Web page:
The Sitges Film Festival closes its doors with 30% higher attendance
Jupiter’s Moon, a refugee-drama mixed with science fiction, took home the Best Picture award
The Sitges Film Festival is over, and its numbers show that people are more into fantasy and horror than ever. A total of 200,000 people attended the festival, for a total of 66,136 tickets sold. This, compared to the 61,010 sold in 2016. In the last three years, sales have indeed increased by 30%, “good news, considering the situation” according to festival director Ángel Sala. The 2017 edition of the film festival marked its 50th anniversary.
A renowned jury panel
The festival has also announced which productions won its many awards. Five great names from the film and book world of fantasy and horror were on the jury panel: filmmaker Gary Sherman, writer and critic David J. Skal, writer Nick Antosca, screenwriter and film director Alberto Marini, and independent producer Hattie Yu.
The female gaze and an open mind
Festival director Àngel Sala noted how the festival had “opened its doors to the female gaze,” something which had previously been excluded in the genre. Additionally, Sala noted how the Sitges Film Festival tries to be more open than other European festivals, giving films that were rejected or mistreated by other events “a second life or a second chance.”
The jury awarded a special prize to the psychological thriller Thelma, a film that also won Best Screenplay. French female-directed gore dystopia won Best Direction, and emotional tale of love and loss Ghost Story won Best Picture. Additionally, Frank Langella, the actor who played Dracula in the 1979 eponymous horror flick, was presented with the Grand Honorary Award.
“We recover films that were mistreated at other festivals and, here, we give them a second life or a second opportunity"
Àngel Sala · Sitges Film Festival director
Jupiter’s Moon, a “unanimous” decision
Jupiter’s Moon, a genre-bending science fiction-cum-refugee drama, came away with both Best Film and Best Special Effects. This decision, according to the panel of judges, was “unanimous.”
The Hungarian film directed by Kornél Mundruczó follows the story of Aryan, a young immigrant who’s shot while trying to illegally cross the border. His new wound gives him the ability to levitate, and with the help of Dr. Stern, it allows him to escape from a refugee camp. Then, Stern sees an opportunity to exploit the young refugee’s superpower.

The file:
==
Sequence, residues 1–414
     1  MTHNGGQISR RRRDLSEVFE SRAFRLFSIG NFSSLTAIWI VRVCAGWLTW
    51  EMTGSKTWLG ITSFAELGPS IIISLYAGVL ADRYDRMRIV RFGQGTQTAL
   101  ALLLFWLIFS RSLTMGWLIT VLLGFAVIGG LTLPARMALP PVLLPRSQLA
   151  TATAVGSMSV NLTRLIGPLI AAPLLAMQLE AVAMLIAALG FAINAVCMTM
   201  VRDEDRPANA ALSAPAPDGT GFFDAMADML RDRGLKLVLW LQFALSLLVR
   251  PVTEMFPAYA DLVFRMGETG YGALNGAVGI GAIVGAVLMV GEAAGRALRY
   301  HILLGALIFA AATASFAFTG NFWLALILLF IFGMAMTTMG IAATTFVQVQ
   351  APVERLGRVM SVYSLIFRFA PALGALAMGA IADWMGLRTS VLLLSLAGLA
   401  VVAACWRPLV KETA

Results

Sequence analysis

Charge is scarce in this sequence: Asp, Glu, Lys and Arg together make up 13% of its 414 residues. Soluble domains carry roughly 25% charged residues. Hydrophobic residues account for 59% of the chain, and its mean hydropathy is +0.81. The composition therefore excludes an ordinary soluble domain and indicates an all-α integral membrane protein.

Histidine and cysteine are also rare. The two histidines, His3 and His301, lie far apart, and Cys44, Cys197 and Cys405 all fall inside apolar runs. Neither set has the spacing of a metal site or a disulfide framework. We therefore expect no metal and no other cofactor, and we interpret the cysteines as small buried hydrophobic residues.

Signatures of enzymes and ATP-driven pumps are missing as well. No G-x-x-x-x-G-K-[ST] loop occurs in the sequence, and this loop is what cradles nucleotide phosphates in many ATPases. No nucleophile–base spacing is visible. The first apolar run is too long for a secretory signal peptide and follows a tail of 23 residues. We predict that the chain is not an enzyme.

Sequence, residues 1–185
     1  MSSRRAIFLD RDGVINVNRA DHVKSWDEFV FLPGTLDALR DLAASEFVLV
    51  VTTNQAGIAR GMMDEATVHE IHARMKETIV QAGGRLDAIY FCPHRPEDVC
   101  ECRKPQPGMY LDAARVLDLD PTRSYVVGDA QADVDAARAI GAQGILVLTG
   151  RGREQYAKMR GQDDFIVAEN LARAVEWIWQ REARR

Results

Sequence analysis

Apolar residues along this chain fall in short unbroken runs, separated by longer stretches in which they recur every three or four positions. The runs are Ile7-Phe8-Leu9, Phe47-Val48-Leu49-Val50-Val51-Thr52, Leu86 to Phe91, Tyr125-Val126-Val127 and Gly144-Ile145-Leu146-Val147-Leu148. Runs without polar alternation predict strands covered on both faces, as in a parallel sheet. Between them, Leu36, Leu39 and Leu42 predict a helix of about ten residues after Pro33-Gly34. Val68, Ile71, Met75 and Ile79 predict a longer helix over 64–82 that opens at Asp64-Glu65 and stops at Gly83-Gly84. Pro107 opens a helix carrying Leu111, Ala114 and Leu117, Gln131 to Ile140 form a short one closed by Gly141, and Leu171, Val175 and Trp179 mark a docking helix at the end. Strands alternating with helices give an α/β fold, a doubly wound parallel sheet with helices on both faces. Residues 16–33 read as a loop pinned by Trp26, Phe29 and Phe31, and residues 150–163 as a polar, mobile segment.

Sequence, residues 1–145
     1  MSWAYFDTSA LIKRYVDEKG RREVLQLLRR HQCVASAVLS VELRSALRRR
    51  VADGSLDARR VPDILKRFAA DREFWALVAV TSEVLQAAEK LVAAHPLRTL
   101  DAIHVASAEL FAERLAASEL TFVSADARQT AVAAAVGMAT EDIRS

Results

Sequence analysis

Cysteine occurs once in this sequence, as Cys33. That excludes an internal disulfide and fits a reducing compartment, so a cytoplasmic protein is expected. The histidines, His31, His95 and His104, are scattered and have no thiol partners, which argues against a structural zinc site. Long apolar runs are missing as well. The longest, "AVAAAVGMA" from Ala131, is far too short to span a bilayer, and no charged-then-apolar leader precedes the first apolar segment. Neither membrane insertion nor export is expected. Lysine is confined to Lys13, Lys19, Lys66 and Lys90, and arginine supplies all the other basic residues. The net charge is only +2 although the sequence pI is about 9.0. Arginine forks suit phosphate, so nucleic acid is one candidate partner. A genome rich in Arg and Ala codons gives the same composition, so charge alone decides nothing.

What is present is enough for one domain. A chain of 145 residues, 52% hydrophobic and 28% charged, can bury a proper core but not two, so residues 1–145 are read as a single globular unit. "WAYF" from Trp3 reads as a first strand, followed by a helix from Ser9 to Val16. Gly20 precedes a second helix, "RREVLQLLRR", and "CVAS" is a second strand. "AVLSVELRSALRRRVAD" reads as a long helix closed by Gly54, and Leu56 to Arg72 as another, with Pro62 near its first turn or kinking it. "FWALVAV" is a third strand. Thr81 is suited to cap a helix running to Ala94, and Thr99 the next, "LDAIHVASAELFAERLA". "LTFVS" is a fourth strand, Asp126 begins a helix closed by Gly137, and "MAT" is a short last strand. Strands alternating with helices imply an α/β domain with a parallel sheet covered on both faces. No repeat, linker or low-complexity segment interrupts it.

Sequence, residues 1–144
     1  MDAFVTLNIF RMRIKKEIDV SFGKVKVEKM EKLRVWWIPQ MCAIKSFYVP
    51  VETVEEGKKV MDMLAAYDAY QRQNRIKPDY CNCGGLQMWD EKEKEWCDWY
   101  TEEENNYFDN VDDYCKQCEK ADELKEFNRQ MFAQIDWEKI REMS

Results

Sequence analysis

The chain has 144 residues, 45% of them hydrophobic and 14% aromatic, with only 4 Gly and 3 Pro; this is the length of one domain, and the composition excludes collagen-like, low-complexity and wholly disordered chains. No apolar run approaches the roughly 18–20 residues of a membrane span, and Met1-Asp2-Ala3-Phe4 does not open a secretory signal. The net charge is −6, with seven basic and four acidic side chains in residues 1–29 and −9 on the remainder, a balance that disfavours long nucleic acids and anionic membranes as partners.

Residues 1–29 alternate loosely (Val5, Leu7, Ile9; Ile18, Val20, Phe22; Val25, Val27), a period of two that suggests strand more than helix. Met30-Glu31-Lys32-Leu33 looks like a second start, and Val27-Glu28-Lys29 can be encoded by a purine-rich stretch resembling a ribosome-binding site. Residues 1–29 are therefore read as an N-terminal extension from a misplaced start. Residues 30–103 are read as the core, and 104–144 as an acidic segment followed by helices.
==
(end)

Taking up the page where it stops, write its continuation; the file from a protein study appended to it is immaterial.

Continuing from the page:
The filming of Jupiter’s Moon was an investigative process in and of itself, according to the director, including more than 100 hours of footage shot about the Hungarian refugee crisis. All of the sets are real, as well, with nothing filmed in the studio. The only thing that was imagined was the refugee camp itself due to filming restrictions.
A learning opportunity
Through the film, Mundruczó wants to remind us that the refugee crisis in Europe is not only “nothing new,” and should inasmuch be approached as a learning opportunity, but also that for that very reason it’s more of an opportunity than a challenge. Indeed, the protagonist of the film, one who could be “an angel” according to the director, also acts as a “societal criticism.”
Breaking the female stereotype in cinema
Other films included the French film Revenge, the debut of director Coralie Fargeat. The director explained that with her work, she wanted to address the issue of clichés, indeed breaking “how women are represented in cinema.” Indeed, the female character in the film – a seemingly weak and vapid personality and the object of men’s desire – undergoes as “transformation.”
The plot of the film follows three rich, married men who go hunting together. One of them brings his lover along for the ride, who soon catches the eye of the other two. Things get out of hand and the three men end up leaving the woman for dead in the middle of nowhere. But she comes back, for a gory hunt of her own.
Two Catalan names in the festival were Black Hollow Cage and Cunetas. While being from the same part of the world, the two films could not be more different.
Cunetas, a short film by Pau Teixidor, portrays a family during the Spanish Civil War facing fascism and kidnapping. This mix of horror, drama, and action is an effort to “recover historical memory,” according to director Teixidor, specifically about those who were disappeared during the Franco regime. “There are people who say we want to open wounds,” Teixidor noted, but he explained that instead, he wanted to “open the common graves,” in the country, the very same where many people disappeared into.
Meanwhile, Black Hollow Cage aims to address the concept of regret, the idea of going back in time to rectify mistakes. This Catalan produced feature length was directed by Sadrac Gonzàlez Perellón, and it revolves around a little girl who has lost her mother and an arm in an accident, with added elements of a mysterious persecutor, two lost children, and a magical black box. The director described the unique film as an “intimate drama covered in science fiction.” This is the first production from Barcelona Asallam Films.
A varied selection
Other films shown were The Disaster Artist, James Franco’s comedy on the cult classic The Room, the Irish gothic horror film The Lodgers, the redemption-through-violence Brawl in Cell Block 99, and the Mexican abuse and possession piece El Habitante.
Death and reality in the age of misinformation
The festival already has big plans for 2018. That year it will be the anniversary of Stanley Kubrick’s cult classic 2001: A Space Odyssey; according to Sala, this represents the best film in history made by the best director. The theme to go with the cult classic will tackle such issues as death and reality, in an age where public opinion is mediated by cyberspace, the cloud, and fake news. “The truth is in danger, we don’t really know what reality is,” Sala commented, noting the danger of when opinions on social media become “dogma.”